As I told my Falconer students in the Upper School ASB class last week, effective problem solving requires accurate problem definition. When we think about how to instill 21st Century skills in our students and educational programs, we have immediately defined the problem incorrectly.
The skills that we refer to as “21C” have ALWAYS been the critical keys to success. Primitive hunters only succeeded in killing large game sufficient to build multi-day stores for the clan when they collaborated. Florentine renaissance artists were amongst the most creative in human history. Greek and Egyptian mathematicians built universal concepts out of asking the right questions in the right ways. Explorers and venture capitalists from 10th century Norsemen to 14th century Chinese traders to Amelia Earhart embraced risk. Those with a command of communication and literacy, from campfire storytellers to transoceanic cable engineers have always been at the heart of our social, economic, and political structures.
These are Nth Century skills. They are timeless and critical in any age. They are the set of skills that has characterized successful, innovative, creative, pioneering, courageous, and dynamic people in every era.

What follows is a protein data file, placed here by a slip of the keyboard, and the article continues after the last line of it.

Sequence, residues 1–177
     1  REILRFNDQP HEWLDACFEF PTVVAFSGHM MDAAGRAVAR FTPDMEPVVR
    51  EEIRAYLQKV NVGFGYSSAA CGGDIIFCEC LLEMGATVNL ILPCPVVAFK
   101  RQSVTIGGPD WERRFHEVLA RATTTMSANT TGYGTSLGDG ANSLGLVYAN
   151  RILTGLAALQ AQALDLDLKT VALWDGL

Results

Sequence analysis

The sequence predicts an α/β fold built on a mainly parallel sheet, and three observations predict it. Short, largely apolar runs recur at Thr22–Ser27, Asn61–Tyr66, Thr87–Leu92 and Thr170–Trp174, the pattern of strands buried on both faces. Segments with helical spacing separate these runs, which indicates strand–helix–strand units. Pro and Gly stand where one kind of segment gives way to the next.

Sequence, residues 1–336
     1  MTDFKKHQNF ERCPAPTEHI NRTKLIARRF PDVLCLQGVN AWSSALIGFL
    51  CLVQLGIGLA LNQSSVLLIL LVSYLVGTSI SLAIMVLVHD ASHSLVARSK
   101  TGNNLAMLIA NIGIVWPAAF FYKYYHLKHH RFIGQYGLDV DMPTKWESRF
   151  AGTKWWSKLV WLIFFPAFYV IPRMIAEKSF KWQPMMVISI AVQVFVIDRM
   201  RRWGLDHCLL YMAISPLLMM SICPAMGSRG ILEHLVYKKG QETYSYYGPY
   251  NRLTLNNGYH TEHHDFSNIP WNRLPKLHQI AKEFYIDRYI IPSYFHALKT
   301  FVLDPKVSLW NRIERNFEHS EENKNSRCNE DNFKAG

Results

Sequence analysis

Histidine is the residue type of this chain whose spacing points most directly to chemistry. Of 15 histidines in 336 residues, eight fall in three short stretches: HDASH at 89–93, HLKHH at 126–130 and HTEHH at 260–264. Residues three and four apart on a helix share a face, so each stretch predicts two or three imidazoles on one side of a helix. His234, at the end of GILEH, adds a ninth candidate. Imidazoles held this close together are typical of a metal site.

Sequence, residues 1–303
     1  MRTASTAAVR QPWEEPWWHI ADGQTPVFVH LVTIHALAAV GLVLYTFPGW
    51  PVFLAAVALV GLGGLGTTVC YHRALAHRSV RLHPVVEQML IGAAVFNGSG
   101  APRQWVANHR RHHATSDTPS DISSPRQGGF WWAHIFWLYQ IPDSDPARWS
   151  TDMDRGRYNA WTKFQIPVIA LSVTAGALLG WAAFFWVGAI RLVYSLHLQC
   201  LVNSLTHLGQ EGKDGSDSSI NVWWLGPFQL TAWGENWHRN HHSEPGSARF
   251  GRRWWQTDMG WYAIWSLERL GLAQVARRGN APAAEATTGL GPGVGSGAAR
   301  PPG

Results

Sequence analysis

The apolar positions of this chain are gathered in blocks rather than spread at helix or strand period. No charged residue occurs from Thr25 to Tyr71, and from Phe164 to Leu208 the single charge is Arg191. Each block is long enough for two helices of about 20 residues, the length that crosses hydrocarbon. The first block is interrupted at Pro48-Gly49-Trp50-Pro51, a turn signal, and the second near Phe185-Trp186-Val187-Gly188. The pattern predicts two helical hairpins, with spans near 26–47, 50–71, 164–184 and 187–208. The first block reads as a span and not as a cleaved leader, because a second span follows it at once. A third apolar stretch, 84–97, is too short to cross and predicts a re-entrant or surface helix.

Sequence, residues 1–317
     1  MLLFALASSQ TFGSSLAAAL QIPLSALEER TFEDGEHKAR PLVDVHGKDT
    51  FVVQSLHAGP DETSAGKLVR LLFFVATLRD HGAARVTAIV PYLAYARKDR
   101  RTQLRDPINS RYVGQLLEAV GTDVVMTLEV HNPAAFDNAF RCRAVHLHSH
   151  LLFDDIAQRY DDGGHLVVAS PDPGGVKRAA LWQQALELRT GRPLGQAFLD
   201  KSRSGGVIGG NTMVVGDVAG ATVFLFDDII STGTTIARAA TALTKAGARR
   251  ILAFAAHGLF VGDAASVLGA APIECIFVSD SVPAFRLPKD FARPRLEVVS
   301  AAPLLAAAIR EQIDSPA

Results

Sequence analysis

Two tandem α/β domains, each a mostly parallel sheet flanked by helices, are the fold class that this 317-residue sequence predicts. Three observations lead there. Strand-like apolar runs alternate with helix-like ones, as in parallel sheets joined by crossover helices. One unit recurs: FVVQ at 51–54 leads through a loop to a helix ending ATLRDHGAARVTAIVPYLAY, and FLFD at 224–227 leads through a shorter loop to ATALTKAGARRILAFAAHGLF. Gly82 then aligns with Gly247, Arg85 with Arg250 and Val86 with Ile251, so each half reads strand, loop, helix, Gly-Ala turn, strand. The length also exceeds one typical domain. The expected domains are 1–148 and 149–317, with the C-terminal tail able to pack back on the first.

In 1981 I was helping to create an environmental baseline map in the highlands of Negros Island in the southern Philippines. Our team of western-trained geologists, chemists, and land-use experts was up in the mountains trying to understand why the local slash-and-burn farmers had deforested one hillside to plant a root crop and left an adjacent hillside alone. We took loads of soil samples for later analyses back in the chemistry lab and were leaving the mountain when we ran into one of the locals. We asked him about the planting practices and he told us, with an appropriate level of disdain for our lack of knowledge that the soils on the unproductive hillside were too rich in copper for the root crops to grow. This was part of the shared database of communicated knowledge created from centuries of collaborative work practices in an iron-age agrarian society.
At the other end of the spectrum, I had a conversation recently with a shop foreman at Boeing in Seattle. Over the last five years he has seen a remarkable change on the floor of one of the world’s most technology-dependent industries. More than 50% of the line workers spend their day on a lap top computer using sophisticated software to run machines, program tools, and communicate with co-workers on the other side of a massive workspace or suppliers on the other side of the world.
Agrarian laborers, industrial line workers, and students working towards a post-information age global collective all need the fluidity and tool kit to adapt to changing environmental factors in order to succeed. Some learn through trial and error; others from a collective village knowledge bank; others by tapping into extended neural networks of like-minded entrepreneurs.
If we want to create elegant learning models for our students in this era, we need to define the problem correctly: How do we shift our educational system to better prepare our students to acquire and use Nth Century skills that are the timeless hallmarks of success?